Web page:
A 1,000-year-old skeleton was discovered dangling from the roots of a beech tree in the Irish town of Collooney, after a strong storm ripped the 200-year-old tree from the ground earlier this year.

The remains belonged to a young man, and markings on the skeleton suggest that he died a violent death inflicted by a sharp blade. But it's not year clear whether this was a battle wound or something more sinister. 

The skeleton itself was revealed in what we can only imagine was a pretty gruelling manner - with the top half of the skeleton raised into the air tangled up in the trees roots, while the bottom half remained in the ground.

archaeology-sligo1Thorsten Kahlert via Irish Archaeology

A preliminary analysis of the remains suggests that the man was aged between 17 and 25 when he died, and his bones contained injuries inflicted by a sharp blade.

"The body was subsequently buried in a shallow east-west oriented grave and radiocarbon analysis indicates that this occurred sometime between 1030 and 1200 AD," reports Irish Archaeology.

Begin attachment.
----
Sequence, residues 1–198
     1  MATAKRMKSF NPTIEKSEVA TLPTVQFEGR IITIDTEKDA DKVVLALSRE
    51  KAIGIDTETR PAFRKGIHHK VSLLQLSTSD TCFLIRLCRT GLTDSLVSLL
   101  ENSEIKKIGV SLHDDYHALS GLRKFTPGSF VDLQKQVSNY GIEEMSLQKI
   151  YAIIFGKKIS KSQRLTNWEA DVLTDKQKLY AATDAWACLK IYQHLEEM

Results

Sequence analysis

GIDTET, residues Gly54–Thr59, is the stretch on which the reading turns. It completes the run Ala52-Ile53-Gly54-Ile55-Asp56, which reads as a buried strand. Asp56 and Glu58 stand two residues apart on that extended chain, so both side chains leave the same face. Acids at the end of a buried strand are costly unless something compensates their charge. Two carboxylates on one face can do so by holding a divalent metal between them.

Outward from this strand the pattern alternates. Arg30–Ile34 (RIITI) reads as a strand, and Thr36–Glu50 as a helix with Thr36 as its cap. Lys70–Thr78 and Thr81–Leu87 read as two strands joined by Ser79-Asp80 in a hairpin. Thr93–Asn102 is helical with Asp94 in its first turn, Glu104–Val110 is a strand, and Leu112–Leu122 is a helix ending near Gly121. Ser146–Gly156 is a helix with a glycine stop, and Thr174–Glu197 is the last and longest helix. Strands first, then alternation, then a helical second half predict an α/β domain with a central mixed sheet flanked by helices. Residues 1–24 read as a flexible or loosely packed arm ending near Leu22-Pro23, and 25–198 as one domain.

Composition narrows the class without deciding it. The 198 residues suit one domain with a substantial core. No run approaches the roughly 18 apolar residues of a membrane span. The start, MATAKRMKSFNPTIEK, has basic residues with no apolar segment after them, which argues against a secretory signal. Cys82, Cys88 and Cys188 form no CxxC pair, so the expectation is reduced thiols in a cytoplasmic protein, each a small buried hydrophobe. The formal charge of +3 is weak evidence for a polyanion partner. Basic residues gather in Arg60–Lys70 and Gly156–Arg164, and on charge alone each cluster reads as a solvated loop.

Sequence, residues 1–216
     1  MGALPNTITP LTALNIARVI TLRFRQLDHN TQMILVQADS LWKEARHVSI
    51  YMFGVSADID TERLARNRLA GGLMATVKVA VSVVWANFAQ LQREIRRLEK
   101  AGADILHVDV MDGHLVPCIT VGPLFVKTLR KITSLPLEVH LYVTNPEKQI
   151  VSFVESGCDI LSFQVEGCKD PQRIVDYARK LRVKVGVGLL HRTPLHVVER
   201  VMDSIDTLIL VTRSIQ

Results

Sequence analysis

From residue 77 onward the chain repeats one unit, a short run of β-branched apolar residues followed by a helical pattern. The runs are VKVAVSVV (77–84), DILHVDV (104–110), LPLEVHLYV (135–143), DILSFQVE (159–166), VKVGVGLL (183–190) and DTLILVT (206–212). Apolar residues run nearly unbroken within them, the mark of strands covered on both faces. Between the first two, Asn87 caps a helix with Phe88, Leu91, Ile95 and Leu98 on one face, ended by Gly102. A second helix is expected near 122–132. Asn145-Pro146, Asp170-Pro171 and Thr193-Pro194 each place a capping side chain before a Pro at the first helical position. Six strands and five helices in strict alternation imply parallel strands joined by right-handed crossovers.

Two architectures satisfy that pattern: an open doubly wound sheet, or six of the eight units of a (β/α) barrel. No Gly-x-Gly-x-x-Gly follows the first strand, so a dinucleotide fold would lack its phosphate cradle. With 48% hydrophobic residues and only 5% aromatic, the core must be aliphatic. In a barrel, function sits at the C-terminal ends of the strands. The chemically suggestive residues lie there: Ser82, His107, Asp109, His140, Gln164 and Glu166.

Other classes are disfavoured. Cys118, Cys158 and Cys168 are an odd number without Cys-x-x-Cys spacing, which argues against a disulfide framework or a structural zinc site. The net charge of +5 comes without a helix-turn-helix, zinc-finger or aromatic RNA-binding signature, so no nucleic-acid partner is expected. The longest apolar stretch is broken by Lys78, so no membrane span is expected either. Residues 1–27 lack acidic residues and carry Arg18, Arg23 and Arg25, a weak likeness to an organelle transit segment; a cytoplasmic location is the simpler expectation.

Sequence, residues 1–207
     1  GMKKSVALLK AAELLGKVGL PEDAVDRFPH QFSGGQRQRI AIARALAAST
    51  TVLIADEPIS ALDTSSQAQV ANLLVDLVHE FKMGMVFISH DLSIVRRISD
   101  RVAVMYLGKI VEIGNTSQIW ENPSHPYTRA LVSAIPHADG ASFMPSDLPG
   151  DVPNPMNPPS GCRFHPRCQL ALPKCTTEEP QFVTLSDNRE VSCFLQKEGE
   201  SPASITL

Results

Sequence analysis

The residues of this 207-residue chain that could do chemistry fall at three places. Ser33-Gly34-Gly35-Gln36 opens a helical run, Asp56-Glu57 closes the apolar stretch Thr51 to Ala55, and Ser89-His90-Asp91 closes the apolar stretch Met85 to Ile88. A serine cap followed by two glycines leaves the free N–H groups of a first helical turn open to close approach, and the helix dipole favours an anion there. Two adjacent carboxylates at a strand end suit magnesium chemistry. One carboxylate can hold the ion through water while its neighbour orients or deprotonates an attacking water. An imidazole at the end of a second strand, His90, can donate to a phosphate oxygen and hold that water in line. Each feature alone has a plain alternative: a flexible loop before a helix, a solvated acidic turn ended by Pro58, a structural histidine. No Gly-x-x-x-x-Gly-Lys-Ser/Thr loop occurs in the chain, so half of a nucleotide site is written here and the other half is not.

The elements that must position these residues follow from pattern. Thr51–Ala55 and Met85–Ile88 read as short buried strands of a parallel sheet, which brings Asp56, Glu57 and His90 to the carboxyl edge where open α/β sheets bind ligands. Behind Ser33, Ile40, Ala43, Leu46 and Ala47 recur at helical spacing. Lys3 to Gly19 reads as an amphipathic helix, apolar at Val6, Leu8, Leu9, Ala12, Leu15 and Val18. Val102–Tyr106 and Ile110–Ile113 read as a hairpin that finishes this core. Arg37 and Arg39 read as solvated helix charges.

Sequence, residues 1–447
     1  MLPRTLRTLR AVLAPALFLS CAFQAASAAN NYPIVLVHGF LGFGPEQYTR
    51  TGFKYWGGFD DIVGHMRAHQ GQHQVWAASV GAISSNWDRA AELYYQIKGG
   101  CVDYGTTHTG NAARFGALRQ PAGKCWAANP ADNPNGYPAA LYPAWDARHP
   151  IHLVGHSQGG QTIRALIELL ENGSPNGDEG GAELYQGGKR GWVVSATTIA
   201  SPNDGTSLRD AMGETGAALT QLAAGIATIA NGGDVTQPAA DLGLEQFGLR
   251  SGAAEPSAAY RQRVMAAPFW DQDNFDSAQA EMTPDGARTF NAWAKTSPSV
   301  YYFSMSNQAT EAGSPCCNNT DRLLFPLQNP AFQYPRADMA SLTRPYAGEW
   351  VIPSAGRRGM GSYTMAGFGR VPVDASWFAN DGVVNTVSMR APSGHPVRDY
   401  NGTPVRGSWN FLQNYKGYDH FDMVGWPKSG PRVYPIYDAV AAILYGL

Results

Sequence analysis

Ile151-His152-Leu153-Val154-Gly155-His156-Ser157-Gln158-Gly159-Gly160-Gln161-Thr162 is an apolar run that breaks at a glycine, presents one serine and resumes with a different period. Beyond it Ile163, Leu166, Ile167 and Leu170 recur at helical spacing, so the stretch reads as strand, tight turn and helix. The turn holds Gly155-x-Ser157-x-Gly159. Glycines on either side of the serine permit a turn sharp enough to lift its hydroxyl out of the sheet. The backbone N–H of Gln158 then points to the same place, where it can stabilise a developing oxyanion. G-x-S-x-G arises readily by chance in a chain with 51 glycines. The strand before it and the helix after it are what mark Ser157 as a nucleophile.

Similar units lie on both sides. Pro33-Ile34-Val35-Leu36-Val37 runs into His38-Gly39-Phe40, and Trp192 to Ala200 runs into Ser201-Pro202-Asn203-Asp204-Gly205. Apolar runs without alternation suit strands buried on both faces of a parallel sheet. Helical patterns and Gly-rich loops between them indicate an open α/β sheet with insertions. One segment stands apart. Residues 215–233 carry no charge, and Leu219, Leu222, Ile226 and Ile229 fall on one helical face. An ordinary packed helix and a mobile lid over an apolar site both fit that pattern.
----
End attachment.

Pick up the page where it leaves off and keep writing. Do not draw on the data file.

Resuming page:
Researchers are now continuing to study the surrounding site to work out whether the body was hidden under the tree - which could suggest murder - or whether it was part of a standard burial site. 

"No other burials are known from the area but historical records do indicate a possible graveyard and church in the vicinity," said archaeologist Marion Dowd from the Institute of Technology Sligo in Ireland.